Singapore slings, Mystical India and train travel in Tassie: Takeoff travel news
|West Coast Wilderness Railway|
Full steam ahead
Explore Tasmania’s remote, mountainous west coast on the restored steam trains of the newly reopened West Coast Wilderness Railway. The copper mining rail line closed down in 1963 before reopening as a tourist train for a decade until 2013. A recent $12m government investment has since seen 12,000 sleepers replaced on what is the steepest railway in the southern hemisphere, and the full 34.5km length of the original track, from Strahan to Queenstown, is open once again. The historical railway was built with hard labour in the 1890s by teams of Irish workers, and serves up plenty of juicy historical tales of feuds and swindling. You don’t have to be a trainspotter to appreciate the beauty of the three locomotives, which date back to 1896. Choose between full or half-day journeys through old-growth rainforest and over King River Gorge, from $95/adult, $40 children or $220 families in the Heritage carriage, or fully catered with High Tea and Tasmanian sparkling wine in the Wilderness Carriage. Phone (03) 6471 0100, see wcwr.com.au.
|India's mystical Brahmaputra River.|
Explore busy tea markets, visit silk sari weavers and sleep on the world’s largest inhabited river island, Majuili, amidst the dramatic Brahmaputra River on a journey through north-eastern India. The 14-day tour begins in Guwahati and visits the tribal lands and spots the exotic wildlife of Assam and Arunachal Pradesh. “It is the least explored, but easily the most exotic part of India,” says John Zubrzycki, a foreign correspondent and author who has set several historical biographies in India. Zubrzycki, a self-confessed Indiaphile, leads the first-time Hidden Lands, Forgotten Frontiers tour from November 19-December 3, 2015, departing from Kolkata. Costs from $7835 a person (excluding international airfares), includes a $200 donation to the boat medical clinics on the Brahmaputra River. travelonq.com.au.
|The Singapore Sling|
Celebrating the centenary
Singapore is in serious birthday mode: the little country turns just 50 this year, but its national drink, the Singapore Sling, is twice its age, celebrating 100 years since it was first slung. The pink drink was concocted in 1915 in the Long Bar of Raffles hotel by barman Ngiam Tong Boon, and is now served on the nation’s airlines and in bars across the city. Mix snacking and shaking in a Singapore Sling Masterclass in the Long Bar, where you’ll learn how to blend gin Dom Benedictine and Cointreau, snack on satay and take home a Singapore Sling glass. Costs $83 a person. Otherwise, grab a slice of the new SlingaPore cake – lime sponge with pineapple mousse, Singapore Sling marmalade and cherry jelly – in the hotel’s Ah Teng Bakery. See raffles.com/Singapore.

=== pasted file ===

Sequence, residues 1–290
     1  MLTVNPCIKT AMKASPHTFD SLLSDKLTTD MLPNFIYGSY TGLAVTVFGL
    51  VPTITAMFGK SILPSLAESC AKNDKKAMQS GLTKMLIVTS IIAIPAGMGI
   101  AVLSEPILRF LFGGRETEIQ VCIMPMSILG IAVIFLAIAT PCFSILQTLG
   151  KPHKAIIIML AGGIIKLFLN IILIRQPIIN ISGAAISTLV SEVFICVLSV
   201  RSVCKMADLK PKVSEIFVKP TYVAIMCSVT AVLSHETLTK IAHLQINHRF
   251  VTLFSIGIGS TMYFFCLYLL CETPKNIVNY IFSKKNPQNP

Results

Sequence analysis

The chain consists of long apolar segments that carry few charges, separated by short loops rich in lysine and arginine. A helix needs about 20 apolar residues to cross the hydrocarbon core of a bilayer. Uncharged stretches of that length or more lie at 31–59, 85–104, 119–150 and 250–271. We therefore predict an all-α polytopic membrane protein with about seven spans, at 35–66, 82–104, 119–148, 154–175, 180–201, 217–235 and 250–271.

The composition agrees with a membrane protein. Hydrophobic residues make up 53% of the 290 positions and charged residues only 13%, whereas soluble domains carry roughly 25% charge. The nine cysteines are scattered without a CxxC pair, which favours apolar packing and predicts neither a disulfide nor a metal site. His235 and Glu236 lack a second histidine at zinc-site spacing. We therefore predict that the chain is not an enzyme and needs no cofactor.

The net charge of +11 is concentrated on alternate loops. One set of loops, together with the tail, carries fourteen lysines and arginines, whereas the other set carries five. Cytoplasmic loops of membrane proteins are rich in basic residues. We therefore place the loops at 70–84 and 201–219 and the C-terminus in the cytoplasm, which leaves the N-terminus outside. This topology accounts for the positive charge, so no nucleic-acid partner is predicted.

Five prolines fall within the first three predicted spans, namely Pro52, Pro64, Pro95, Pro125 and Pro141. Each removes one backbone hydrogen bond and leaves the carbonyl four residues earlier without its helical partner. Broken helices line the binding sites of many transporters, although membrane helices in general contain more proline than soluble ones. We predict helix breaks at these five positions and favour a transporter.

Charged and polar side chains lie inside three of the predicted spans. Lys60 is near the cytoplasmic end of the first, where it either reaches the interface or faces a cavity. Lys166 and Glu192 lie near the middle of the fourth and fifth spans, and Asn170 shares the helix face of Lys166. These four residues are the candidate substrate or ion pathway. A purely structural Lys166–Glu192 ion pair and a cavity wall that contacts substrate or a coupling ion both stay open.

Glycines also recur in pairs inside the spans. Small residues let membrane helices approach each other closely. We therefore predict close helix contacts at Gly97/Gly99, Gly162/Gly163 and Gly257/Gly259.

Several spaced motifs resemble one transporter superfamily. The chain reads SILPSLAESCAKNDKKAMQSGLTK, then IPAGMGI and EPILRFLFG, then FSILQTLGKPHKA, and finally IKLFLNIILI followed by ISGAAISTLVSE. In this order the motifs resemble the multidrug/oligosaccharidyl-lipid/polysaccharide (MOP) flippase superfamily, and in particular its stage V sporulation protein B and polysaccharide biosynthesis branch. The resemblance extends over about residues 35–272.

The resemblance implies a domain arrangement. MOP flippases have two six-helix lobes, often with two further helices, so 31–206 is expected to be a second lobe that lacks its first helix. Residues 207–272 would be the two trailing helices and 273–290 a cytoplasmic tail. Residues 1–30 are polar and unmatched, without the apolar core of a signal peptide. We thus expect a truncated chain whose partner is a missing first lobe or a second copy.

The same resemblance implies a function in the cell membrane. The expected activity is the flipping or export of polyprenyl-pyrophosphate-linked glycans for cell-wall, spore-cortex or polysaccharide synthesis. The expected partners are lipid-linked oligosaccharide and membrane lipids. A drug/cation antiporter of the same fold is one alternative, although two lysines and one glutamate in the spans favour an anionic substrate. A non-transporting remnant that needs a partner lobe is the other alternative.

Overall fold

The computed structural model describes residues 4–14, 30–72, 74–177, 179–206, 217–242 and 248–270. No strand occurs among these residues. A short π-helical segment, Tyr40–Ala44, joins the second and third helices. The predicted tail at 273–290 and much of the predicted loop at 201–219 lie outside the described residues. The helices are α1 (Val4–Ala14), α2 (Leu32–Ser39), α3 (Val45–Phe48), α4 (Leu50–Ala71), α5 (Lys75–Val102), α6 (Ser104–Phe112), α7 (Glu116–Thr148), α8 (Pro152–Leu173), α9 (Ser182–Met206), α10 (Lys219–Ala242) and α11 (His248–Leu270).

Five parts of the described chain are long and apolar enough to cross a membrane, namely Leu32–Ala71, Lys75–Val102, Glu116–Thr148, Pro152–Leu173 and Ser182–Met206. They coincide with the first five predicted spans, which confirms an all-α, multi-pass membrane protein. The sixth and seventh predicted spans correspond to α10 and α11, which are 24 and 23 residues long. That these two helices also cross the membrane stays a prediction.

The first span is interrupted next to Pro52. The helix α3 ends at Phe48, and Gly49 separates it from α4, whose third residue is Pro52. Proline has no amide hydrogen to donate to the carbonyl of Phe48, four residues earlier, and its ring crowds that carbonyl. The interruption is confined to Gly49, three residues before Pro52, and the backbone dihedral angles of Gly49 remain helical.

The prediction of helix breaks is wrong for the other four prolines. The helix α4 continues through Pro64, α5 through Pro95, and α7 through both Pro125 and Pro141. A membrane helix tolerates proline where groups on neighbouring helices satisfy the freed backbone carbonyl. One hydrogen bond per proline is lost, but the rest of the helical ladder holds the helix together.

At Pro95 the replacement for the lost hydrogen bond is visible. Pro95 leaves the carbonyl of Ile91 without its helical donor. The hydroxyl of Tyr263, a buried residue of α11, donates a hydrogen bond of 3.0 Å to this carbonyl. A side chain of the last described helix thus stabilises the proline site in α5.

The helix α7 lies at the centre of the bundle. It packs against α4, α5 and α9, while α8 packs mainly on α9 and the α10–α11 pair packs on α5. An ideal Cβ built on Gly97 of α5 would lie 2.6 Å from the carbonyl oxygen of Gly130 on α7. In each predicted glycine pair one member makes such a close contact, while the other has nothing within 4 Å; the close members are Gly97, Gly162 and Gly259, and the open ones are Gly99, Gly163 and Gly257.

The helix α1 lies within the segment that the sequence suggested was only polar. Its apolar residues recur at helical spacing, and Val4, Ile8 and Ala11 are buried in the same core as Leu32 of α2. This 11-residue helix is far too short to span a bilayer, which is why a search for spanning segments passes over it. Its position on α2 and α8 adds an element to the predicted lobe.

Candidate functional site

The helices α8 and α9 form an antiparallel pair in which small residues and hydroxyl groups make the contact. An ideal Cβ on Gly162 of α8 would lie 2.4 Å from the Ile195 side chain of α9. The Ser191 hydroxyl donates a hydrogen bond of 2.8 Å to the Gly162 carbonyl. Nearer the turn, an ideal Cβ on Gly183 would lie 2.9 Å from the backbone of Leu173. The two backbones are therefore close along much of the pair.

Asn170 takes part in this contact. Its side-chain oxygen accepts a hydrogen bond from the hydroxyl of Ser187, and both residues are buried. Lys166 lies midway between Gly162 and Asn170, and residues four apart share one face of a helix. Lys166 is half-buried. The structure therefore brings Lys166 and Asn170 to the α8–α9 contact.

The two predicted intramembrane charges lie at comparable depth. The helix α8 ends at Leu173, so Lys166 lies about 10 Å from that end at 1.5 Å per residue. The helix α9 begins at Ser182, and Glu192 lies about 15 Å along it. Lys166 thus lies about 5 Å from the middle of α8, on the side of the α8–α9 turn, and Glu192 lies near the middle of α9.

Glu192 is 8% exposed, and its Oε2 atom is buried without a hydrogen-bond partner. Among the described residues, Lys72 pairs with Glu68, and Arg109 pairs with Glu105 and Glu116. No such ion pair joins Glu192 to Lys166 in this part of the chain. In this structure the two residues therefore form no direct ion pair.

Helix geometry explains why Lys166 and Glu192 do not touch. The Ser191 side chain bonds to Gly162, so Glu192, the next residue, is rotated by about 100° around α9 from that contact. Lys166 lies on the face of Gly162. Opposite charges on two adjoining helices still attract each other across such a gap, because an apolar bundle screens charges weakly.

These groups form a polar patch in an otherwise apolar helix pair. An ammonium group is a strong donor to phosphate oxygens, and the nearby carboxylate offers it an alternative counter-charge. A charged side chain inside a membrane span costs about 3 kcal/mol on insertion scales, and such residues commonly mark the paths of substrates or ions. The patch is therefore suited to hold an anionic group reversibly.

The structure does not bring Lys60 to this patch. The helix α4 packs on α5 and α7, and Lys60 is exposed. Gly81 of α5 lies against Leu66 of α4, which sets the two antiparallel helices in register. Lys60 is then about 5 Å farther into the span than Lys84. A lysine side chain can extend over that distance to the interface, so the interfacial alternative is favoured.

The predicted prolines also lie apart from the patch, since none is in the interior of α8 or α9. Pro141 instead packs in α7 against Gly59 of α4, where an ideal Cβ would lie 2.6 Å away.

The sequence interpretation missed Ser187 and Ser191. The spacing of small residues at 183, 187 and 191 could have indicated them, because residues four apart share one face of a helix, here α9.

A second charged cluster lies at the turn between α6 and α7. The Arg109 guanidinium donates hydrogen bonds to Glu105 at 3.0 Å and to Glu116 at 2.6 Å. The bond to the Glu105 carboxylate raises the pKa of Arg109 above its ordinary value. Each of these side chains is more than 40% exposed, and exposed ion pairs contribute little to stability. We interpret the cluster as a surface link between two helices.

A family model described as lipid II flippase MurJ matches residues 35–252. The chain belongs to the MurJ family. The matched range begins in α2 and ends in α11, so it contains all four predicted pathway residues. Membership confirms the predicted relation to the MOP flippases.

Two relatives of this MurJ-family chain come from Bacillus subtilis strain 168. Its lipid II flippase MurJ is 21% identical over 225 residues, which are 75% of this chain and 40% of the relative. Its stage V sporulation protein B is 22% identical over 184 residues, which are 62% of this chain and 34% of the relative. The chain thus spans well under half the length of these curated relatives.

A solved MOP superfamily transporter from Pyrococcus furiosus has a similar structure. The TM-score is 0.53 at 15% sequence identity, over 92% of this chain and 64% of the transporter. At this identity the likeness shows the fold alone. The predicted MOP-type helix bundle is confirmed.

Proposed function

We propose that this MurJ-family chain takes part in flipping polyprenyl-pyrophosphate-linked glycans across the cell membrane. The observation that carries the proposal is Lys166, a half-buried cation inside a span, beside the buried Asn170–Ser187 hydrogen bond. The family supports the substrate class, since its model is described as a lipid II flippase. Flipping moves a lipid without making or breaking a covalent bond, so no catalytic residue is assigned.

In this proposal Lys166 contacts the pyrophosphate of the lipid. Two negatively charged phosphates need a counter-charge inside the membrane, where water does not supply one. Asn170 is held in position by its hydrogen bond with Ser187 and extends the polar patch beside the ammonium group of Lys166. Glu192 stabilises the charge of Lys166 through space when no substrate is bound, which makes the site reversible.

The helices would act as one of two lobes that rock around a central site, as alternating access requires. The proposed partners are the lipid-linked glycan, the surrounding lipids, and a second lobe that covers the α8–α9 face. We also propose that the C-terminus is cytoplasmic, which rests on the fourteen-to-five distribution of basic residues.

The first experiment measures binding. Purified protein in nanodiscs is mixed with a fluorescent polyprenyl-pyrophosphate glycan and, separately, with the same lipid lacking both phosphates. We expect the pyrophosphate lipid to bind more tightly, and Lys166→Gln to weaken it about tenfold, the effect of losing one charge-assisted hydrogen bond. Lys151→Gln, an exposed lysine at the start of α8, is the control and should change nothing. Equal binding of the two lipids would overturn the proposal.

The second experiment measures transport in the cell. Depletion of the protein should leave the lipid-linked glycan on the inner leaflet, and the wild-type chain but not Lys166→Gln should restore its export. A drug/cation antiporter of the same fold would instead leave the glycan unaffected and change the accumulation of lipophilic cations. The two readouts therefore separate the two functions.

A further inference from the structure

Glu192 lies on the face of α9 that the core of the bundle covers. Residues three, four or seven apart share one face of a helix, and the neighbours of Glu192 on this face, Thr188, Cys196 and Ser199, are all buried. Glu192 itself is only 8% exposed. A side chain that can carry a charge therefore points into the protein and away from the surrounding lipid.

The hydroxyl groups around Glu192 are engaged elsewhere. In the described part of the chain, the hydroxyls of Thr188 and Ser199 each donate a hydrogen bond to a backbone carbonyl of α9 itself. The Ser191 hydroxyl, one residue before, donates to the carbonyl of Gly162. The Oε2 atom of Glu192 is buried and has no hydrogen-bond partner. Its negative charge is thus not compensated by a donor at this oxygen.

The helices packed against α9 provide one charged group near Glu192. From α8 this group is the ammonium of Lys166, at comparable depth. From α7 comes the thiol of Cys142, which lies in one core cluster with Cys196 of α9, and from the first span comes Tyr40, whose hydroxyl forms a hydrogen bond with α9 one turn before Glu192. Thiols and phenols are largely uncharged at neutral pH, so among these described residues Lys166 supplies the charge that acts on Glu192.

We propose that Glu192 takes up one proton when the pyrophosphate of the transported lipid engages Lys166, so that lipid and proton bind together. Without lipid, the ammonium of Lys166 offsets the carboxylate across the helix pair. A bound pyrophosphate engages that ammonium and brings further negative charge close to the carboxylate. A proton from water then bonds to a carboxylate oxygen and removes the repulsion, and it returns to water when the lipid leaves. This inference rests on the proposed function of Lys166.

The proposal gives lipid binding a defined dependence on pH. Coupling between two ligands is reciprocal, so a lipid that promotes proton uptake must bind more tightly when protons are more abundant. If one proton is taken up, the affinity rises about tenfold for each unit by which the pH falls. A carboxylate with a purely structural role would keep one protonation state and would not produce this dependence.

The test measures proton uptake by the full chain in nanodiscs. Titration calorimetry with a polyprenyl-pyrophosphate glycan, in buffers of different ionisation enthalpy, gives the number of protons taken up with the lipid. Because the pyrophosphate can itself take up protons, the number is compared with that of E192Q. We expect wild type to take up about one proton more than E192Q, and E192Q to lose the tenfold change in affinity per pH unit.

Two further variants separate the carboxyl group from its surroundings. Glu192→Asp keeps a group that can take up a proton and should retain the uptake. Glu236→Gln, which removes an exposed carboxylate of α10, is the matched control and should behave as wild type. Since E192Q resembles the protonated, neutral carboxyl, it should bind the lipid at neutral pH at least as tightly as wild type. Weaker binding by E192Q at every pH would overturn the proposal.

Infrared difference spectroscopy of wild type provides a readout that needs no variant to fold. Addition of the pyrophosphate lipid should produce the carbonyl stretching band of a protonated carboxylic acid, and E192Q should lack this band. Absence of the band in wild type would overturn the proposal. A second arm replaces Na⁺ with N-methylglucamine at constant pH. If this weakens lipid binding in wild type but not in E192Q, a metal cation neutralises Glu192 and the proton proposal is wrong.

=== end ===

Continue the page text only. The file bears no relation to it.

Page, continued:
Sometimes the simplest ideas are the most practical, like this Dripstick, which does exactly what it says on the tin – stops that lurid, bubble-gum flavoured ice-cream from slopping down the back of the car seat. The Dripstick's plastic holder lets kids get a better grip on their iced treats and the internal funnel fits pointed cones, great when the cone’s base inevitably dissolves. But wait, there’s more: fill the hollow handle with juice and slip in the accompanying popsicle stick, freeze and you’ve got home-made ices. An added bonus – it’s made from BPA-free, recyclable plastic. Available in six colours, $12. See thanksmum.com.au.
|Papua New Guinea adventure on True North.|
We Australians are avid cruisers, with cruising of all persuasions the fastest-growing sector of our tourism market. Luxury travel company Abercrombie & Kent has just launched a new cruise website in demand for what it describes as consistent double-digit growth over the last few years. Choose from a Papua New Guinea adventure on True North (pictured), a French barge holiday, an expedition cruise through the High Arctic or a small-ship exploration of the Amazon. According to A&K’s Sujata Raman, the polar regions are their guests’ most popular choice, followed by Myanmar river cruising and the Galapagos Islands, for premier wildlife viewing. The company’s newest product is the small luxury Sanctuary Ananda on the Ayeyarwady river in Myanmar. See akcruising.com.au.
|The historic foyer of The Victoria Hotel, Melbourne|
The Vic gets slick
It’s been overrun by American troops, been a booze-free Temperance League stronghold and been on business tycoon Christopher Skase’s assets list. Now Australia’s largest 3.5-star hotel, the Victoria Hotel on Melbourne’s Little Collins St, has had a $20 million facelift. Unusually, the number of rooms in The Vic has decreased, from 464 down to 370 larger rooms, all with free wi-fi in a tidy refurbishment across the entire hotel, including the historic lobby and public bar (which replaced beef tea with bellinis in the 60s). The hotel turns 135 this year and kicked off Melbourne’s laneways coffee scene as the Victoria Coffee Palace back in 1880. It joined Accor’s budget-conscious Ibis Styles brand two years ago and is owned by the Schwartz Family Company, who is also developing the Sofitel on Darling Harbour, to open in 2017. Rooms in the Victoria Hotel cost from $98 a night when booked 20 days in advance. Quote ‘early booking offer’. Phone 1800 331 147, see victoriahotel.com.au.